Our routine may not be best for you but please, please do not let the baby cry himself to sleep.

  21. krystal says:

    i dont think its a good idea. it makes putting little ones to bed an absolute nightmare. if you are having trouble getting your son to sleep, maybe you should try some soft music. or sit in the room with him while he falls asleep. start out sitting on his bed with him for a few nights, then move a little further away from the bed, and further and further until you are out of the room. do you read him a bedtime story? maybe he would like that. get him in a routine and stick to it. like bath, story, sleep. do that every day and it should make it easier.

  22. way2sexy says:

    i’m old an i always crymyself 2 sleep try singin him a song

  23. proudmom says:

    surprisingly, your son will quickly learn that crying isn’t getting him anywhere and he will eventually fall asleep on his own. Crying will not hurt him as long as he is fed, loved, changed and cared for.

  24. Just Gone says:

    children shouldn’t be left to cry for more than five minute for every year of their lives. 1 year -5 minutes.crying himself to sleep will also allow him to associate sleeping with unpleasant feelings.

  25. aarika says:

    we let our daughter cry it out when she was about a year old at 2 1/2 she has been a great sleeper for a long time now and we all including her are much happier for it
    as long as he is fed and dry and not scared and you arent horrified by the thought then it is a very workable method but like everything else dont do it unless you are comfortable with it if you arent there are many other methods out there but i found this one to be the quickest and most effective one and it is far from child abuse

  26. youdontk says:

    As long as he’s not crying because he’s hungry and it’s just a temper tantrum, I don’t see anything wrong with this. Some parents tend to spoil their children by running to their crib to hold them and try to rock them to sleep. The problem with this is the child becomes dependent on you and will then keep crying until you run to the rescue once again. Also, you lose a lot of sleep and become stressed and that’s never a good thing. You have to teach your child that they don’t need you there to go to sleep. Eventually, they’ll learn and go to sleep on their own.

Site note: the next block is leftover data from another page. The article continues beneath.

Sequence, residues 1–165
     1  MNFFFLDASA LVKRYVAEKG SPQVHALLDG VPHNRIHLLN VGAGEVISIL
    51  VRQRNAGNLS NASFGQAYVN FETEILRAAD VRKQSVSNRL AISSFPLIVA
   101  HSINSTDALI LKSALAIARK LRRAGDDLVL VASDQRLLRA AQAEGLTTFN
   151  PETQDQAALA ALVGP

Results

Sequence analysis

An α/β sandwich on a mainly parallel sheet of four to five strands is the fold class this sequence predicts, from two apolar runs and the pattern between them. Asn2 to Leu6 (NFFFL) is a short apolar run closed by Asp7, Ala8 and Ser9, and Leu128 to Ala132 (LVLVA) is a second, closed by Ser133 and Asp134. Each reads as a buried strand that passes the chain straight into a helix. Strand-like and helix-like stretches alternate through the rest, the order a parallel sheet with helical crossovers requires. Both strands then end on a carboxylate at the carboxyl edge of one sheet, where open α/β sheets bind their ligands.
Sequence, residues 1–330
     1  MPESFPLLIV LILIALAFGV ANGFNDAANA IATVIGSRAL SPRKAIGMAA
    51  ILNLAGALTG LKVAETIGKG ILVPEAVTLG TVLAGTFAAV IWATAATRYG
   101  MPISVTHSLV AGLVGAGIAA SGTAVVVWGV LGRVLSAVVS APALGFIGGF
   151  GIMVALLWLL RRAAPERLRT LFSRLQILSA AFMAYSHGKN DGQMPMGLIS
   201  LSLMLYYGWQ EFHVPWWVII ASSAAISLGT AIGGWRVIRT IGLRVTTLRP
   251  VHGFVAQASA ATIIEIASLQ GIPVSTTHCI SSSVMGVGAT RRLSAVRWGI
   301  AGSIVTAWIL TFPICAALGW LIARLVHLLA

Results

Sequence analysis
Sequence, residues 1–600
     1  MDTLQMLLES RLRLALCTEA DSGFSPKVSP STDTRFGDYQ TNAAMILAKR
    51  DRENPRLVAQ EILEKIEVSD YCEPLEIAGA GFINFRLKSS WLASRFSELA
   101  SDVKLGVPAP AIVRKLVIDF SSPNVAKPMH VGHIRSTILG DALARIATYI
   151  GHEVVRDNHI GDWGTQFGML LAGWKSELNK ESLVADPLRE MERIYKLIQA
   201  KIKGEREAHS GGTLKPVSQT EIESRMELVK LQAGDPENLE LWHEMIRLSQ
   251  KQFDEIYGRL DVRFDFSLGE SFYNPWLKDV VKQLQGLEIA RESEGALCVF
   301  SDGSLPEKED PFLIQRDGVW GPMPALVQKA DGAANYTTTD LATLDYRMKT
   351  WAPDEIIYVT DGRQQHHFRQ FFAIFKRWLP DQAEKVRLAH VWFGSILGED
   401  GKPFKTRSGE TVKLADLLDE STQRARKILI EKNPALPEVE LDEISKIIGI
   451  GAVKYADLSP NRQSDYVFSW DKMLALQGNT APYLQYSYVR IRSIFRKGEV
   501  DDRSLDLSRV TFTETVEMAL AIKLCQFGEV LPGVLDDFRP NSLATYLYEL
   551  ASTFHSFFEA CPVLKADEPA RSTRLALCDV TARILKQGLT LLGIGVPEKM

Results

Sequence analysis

27. olelady5 says:

    You’re going to have to be really strong for this. In fact, I recommend having the child’s father or a really good friend there when you attempt this. Put the child down and let him cry for 5 minutes. If he’s still crying, go into his room and talk to him. DO NOT PICK HIM UP!!! Just sooth him verbally, tell him everything is OK and that you love him and he needs to go to sleep. Then leave the room. This time let him cry for 10 minutes. Repeat the above. Next time let him cry for 15 minutes. NEVER LET HIM CRY FOR MORE THAN 15 MINUTES!! Keep telling yourself he’s safe, he’s not in pain, he just is in a learning stage. It will be OK, I promise. You won’t have to do this more than a few times, I promise. Be tuff, Mom! This is as much for him as for you! Good luck, sweetheart, and hang in there!!!!

  28. skidge says:

    my daughter went through this too and now my son is and i really really try to let them figure it out or they will always wake up bc they will expect you to be there so my advice is let them cry say 5 min one night and add a min every night after that and eventually he will go to sleep on his own

  29. Misty B says:

    I too had a hard time with my child at bedtime. I rocked her every night almost until she was 2. Now when it’s bedtime, I tell her to kiss her Daddy night-night and she goes upstairs and she lays in her bed and watches a movie(she’s asleep within 10 minutes.) She’s not screaming, I no longer have to rock and rock until she’s asleep and the TV shuts itself off or I go in there to turn the movie off long before it’s half through. I also play soothing music in the background. This method isn’t for everybody, and I’m sure I’ve got lots of people frowning right now, I don’t care. You have to do what works best for you. Try also, putting him in the bed and you sitting next to it for a couple of nights, and when he’s starting to drift off, leave the room. Just try not to pick him up when he starts to cry. I am a firm believer to never let your child cry till he/she falls asleep. DO what your Motherly instinct tells you to. Too soon, he’ll be older and no longer wanting Mommy to cuddle and kiss him. Embrace this, it shall pass.

  30. fuhreezi says:

    Well, my mom didn’t do that even though some of her friends did it and when I have a child I will not do it either. If you’re not comfortable with doing that then don’t. There are other methods, try some out until you find something that brings both you and your baby joy.
    I think one way is to make a routine bedtime thing. It will take awhile before your baby realizes its a routine thing so you’ll need some patience. But have fun with it, he/she ‘ll only be a baby once :)

  31. Beth S says:

    The “cry it out method” is tough to listen to and you have to be determined to not give in before you start this. If this method seems to harsh to you, there are several sleep books out there that recommend a gentler ‘cry it out’ method or no cry it out method at all. One of them is:
    The No-Cry Sleep Solution by Elizabeth Pantley- this worked for us when our baby was 4 months old.